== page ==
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The Accidental Narcissist And The Future Of [Connected] Customer Engagement


Have you ever noticed that your Facebook News Feed is the digital equivalent to “It’s a Wonderful Life?” Perhaps you’ve likened your Instagram stream to that of  “Lifestyles of the Digital Rich and Internet Famous.”

In each network, and across multiple social streams, you’re fed a visual buffet of seflies, travel, food, fashion, and celebrations. In assemblage, they tell the story of life well lived, or at least a life well curated. At the center of each of these experiences is the person living and sharing them in real time.  Every day that passes, it seems that a growing network of our friends, family, and colleagues are charmed with this picturesque life.

Some may see this behavior as self-centered, self-promotional, or view it as a form of attention seeking, but at a human level, it’s simply a new form of self-expression and an open invitation to interact.

But who are we kidding? It’s not just everyone else, we might as well be talking about ourselves.  It’s a social world after all and shared experiences are the epicenter of a growing majority of engagement. As such, we’re introduced to a new law of social physics, if you will, where for every action there is an equal or greater reaction. The truth is that social sharing is part self-expression and also part provocation. People share to communicate who they are or who they want to be, while concurrently hoping to incite a reaction that validates or substantiates their intended online persona.

This phenomenon may seem like a personal discussion, but I can assure you that it has everything to do with your business.

I’d like to officially introduce you to your connected customer. I believe it’s about time we get to know the connected set to better understand how to engage them in social and mobile networks now and throughout the entire customer lifecycle.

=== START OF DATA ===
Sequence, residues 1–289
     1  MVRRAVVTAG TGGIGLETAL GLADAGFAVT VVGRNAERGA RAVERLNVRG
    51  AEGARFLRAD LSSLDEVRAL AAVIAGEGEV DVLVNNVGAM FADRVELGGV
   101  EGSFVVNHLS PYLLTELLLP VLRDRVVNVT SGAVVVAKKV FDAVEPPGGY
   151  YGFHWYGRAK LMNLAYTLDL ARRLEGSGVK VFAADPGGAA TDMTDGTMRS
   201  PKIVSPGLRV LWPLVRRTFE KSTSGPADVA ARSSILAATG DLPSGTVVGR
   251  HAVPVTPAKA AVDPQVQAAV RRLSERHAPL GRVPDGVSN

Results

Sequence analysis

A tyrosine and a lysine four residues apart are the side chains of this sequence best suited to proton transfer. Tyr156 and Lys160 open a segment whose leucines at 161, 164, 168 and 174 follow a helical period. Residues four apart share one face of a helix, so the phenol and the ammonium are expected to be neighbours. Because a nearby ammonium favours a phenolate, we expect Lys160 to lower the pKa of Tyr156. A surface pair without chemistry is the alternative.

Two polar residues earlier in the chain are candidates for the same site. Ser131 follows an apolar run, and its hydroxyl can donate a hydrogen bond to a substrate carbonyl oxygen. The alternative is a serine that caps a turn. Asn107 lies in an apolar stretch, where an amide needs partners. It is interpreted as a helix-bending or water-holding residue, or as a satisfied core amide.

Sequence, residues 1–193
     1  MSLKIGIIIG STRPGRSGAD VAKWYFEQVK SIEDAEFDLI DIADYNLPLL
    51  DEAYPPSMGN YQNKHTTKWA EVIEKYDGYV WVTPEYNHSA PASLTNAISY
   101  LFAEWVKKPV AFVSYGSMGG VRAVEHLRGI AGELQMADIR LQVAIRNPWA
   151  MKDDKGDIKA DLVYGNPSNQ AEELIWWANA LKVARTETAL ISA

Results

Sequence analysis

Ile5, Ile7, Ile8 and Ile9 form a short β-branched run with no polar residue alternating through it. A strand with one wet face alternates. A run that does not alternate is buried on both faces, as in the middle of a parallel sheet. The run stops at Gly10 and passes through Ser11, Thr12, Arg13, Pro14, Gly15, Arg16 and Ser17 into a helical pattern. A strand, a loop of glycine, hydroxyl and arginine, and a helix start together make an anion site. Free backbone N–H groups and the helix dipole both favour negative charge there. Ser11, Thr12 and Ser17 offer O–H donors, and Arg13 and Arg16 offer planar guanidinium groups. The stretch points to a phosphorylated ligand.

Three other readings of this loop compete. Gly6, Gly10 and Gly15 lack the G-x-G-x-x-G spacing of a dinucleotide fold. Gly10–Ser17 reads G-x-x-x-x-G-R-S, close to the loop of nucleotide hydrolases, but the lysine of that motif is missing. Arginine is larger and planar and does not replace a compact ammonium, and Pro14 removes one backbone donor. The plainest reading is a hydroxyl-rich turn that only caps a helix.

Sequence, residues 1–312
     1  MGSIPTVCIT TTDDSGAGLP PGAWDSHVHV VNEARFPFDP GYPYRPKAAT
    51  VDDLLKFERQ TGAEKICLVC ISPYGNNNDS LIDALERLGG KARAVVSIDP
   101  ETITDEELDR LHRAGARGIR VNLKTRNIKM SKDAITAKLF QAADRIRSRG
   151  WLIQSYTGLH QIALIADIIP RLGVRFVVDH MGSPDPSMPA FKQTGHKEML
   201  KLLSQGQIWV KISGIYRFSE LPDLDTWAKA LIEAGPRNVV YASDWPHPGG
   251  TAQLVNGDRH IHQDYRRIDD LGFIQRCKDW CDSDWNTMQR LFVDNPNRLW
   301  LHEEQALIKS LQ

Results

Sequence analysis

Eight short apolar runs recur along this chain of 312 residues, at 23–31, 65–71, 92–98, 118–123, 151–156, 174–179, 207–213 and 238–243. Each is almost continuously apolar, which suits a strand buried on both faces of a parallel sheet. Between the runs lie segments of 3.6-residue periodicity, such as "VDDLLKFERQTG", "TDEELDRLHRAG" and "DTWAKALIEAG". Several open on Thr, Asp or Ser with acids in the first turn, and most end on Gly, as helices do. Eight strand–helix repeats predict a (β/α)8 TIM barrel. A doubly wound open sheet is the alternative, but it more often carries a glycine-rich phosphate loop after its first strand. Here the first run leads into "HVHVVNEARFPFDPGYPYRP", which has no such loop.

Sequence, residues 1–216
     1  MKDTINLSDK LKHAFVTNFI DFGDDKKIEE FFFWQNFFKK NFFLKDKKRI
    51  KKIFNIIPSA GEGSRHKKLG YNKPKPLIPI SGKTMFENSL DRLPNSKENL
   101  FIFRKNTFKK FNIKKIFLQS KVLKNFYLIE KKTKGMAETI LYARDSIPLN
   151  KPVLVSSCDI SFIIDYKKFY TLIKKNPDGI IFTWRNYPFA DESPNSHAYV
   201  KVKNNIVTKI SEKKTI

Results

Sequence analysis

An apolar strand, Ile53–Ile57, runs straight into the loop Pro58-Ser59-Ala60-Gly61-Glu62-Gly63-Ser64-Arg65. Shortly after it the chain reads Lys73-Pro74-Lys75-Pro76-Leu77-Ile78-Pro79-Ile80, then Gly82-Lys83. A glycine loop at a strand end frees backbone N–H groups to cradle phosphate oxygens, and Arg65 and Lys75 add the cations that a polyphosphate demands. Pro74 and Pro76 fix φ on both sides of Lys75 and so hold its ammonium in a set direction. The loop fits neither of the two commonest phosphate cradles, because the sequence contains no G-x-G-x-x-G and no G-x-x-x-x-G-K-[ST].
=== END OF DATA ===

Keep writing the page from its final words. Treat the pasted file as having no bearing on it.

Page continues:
It’s all about you and me…but mostly me

If you’re reading this, then you’re most likely the very person you’re trying to reach. You’re connected, always on, unabashedly multitasking, and living across multiple screens each and every day. You live a digital lifestyle and without realizing it, you and others like you, are gradually exhibiting slivers of narcissism. Believe me, I say this with the utmost discretion. You can’t help it of course. These networks prompt you to share your world, your way, all day, every day. And each time we do, we contribute to our “egosystem,” where we are the center of our own digital universe. Experiences and engagement represent the orbits that bring us together.

Let’s visit planet Facebook and its orbiting moon Instagram for a moment. Facebook is now home to over one billion digital denizens. To put that in perspective, that’s roughly about 12 percent of planet Earth. Instagram is a fledgling digital society in its own right. At 100 million residents and counting, a culture of sharing one’s experiences is further enhanced by the ability to instantly enhance them with a creative filter, broadcast them across multiple networks, and earn the attention and reaction of a boundless and seemingly idle audience.

The question is, if everyone is busy sharing content, then who is consuming it? This is also the law of social attraction. It’s a reciprocal relationship where to earn reactions, one must equally or progressively react. How do you do that if the real-time web moves in real-time?

The age of prevalence

Understanding digital behavior has never known greater importance. As it evolves,  we need to appreciate its velocity and impact. For example, on Facebook, conversations lose momentum in an hour, give or take. The reason for this is because people consume until they create. As they create, expectations shift as characteristics of narcissism take over. What about Instagram? Allow me to share some revealing behavioral stats that will make you say “Wow.”